Private Business Intermediaries

NHS high 'death rate' hospitals inquiry extended

01/03/2013 | By Peter Walker
The Care Quality Commission (CQC), has extended its inquiry into hospitals with higher than expected death rates to a total of 14 NHS hospitals and named the panel.

Following on from the enquiry that showed that many patients had died due to poor standards of care at the Mid Staffordshire NHS Trust the new panel is due to look at other hospitals where more patients die than would be expected in a well performing hospital, for their age and condition.

The panel is to be lead by Sir Bruce Keogh, the other members were named on Wednesday 27th February 2013 and they are:
  • David Behan -  Care Quality Commission chief executive
  • Lord Darzi - Former minister and leader of the review of Hospital Services in London  
  • Sir Ian Kennedy - Former Healthcare Commission chair
  • Sir Jonathan Michael -  Oxford Radcliffe Hospitals Trust chief executive

The list of hospitals under review due to their higher than expected death rates are:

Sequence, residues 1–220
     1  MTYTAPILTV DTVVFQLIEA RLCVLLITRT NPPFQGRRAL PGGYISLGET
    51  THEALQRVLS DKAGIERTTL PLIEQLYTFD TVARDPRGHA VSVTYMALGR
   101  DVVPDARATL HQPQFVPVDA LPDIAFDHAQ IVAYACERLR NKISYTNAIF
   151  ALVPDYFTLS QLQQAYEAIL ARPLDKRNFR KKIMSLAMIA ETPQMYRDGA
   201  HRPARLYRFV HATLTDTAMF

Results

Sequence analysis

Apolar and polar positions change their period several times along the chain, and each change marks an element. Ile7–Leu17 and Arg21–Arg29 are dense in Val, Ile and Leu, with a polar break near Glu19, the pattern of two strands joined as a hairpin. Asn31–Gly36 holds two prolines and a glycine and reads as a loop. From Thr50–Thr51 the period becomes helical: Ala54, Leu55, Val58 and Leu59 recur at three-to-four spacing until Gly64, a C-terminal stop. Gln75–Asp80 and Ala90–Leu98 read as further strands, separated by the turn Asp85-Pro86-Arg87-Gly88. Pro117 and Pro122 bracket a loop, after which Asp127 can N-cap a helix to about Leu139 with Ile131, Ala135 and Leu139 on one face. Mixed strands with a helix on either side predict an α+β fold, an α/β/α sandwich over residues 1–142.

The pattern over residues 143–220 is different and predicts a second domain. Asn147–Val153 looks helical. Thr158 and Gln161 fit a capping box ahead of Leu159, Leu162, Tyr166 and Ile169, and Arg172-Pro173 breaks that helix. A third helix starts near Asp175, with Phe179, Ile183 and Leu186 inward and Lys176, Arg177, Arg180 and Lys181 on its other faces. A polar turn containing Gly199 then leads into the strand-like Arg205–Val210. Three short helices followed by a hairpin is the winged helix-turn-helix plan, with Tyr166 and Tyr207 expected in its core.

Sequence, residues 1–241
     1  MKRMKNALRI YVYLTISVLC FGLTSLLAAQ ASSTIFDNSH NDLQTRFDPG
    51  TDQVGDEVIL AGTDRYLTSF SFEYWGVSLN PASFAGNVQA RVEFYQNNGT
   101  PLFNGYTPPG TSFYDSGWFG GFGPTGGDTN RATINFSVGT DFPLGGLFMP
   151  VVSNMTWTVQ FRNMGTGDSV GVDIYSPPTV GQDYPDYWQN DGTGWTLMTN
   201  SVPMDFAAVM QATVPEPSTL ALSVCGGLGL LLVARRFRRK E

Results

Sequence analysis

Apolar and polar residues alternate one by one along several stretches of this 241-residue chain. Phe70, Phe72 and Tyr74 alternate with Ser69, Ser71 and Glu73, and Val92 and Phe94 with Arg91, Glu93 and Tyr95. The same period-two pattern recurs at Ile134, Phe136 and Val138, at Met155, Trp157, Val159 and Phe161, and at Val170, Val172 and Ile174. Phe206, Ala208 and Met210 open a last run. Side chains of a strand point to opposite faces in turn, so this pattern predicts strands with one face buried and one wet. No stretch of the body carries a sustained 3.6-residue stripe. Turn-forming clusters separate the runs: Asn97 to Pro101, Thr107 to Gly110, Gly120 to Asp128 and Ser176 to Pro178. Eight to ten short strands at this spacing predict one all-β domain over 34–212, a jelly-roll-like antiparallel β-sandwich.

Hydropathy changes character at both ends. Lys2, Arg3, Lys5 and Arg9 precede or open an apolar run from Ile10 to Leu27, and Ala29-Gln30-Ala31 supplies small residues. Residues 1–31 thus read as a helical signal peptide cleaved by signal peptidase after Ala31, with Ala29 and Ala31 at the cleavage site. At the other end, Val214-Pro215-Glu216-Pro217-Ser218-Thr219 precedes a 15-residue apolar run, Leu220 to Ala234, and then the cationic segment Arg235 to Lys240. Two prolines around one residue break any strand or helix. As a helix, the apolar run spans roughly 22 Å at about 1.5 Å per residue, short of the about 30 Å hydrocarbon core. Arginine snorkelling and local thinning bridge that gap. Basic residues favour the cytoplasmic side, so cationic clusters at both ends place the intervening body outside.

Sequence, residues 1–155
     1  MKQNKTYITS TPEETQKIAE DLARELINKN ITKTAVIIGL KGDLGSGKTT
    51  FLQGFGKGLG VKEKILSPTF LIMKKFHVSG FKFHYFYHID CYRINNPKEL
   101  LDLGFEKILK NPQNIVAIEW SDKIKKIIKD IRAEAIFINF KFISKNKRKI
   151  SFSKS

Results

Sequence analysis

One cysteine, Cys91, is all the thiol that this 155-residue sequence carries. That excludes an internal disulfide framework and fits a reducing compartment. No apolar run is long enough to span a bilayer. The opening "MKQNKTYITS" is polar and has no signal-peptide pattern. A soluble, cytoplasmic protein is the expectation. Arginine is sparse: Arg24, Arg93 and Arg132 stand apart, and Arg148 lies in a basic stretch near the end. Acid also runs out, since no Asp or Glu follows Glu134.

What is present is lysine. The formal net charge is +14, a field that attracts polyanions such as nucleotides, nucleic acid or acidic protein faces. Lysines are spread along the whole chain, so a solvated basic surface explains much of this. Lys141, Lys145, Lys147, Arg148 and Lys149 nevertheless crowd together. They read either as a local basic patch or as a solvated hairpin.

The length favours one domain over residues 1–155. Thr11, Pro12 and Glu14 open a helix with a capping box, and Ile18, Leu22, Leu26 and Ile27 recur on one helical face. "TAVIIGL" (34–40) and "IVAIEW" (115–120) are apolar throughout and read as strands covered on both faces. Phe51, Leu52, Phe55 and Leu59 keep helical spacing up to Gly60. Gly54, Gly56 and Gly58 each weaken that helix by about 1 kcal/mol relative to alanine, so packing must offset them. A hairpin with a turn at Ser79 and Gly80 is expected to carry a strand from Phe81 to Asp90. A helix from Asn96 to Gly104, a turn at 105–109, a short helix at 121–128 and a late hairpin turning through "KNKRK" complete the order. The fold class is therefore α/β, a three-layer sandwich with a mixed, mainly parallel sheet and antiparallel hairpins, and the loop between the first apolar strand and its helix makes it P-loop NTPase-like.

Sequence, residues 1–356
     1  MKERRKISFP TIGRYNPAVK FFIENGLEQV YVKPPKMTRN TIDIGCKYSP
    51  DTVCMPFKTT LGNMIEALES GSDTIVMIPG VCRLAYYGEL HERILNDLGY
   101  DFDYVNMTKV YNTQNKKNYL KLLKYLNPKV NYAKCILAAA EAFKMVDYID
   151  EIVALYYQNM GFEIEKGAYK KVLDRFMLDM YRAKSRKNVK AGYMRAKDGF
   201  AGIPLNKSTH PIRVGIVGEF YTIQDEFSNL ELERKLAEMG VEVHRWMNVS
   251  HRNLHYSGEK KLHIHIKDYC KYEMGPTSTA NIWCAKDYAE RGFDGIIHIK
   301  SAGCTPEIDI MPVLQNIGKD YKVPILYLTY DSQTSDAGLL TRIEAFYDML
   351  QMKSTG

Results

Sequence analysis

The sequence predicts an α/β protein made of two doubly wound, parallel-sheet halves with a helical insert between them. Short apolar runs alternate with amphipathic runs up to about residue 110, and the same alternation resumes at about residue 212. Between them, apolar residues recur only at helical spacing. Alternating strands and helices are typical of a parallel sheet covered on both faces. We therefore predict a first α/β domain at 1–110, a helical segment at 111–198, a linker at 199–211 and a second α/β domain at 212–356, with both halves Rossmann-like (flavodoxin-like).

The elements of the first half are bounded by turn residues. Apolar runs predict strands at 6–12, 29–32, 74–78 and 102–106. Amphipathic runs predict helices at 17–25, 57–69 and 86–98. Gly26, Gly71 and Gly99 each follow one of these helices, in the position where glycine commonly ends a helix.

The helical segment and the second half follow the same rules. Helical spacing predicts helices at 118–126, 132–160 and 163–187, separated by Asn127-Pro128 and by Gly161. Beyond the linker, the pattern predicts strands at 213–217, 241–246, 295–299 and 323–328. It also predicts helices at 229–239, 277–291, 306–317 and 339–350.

• Colchester University Hospital NHS Foundation Trust in Essex
  • Tameside Hospital NHS Foundation Trust in Greater Manchester
  • Blackpool Teaching Hospitals NHS Foundation Trust
  • Basildon and Thurrock General Hospitals NHS Trust in Essex
  • East Lancashire Hospitals NHS Trust
  • North Cumbria University Hospitals NHS Trust
  • United Lincolnshire Hospitals NHS Trust
  • George Eliot Hospital NHS Trust in Warwickshire
  • Buckinghamshire Healthcare NHS Trust
  • Northern Lincolnshire and Goole Hospitals NHS Foundation Trust
  • The Dudley Group NHS Foundation Trust in the West Midlands
  • Sherwood  Forest Hospitals NHS Foundation Trust in Nottinghamshire
  • Medway NHS Foundation Trust in Kent
  • Burton Hospitals NHS Foundation Trust in Burton-upon-Trent

Private hospitals are also regulated by the CQC, yet none are under investigation. The Mid Staffs Enquiry pointed to patients not receiving even basic levels of nursing care, in contrast with the outstanding levels of nursing care provided by private hospitals in the UK, in the opinion of Freedom Health.

NHS hospitals do face enormous pressures related to under staffing and emergency admissions that do not occur in the private hospital sector. 

It is important to be aware that NHS patients in the UK can take their right to choose where they are treated and thus it is vital that patients do, where possible, research their treatment options before selecting where they are to be teated. See our report on the Dr Foster Hospital guide.

Some people may wish to be treated in a private hospital where standards of care have not been found to be at fault.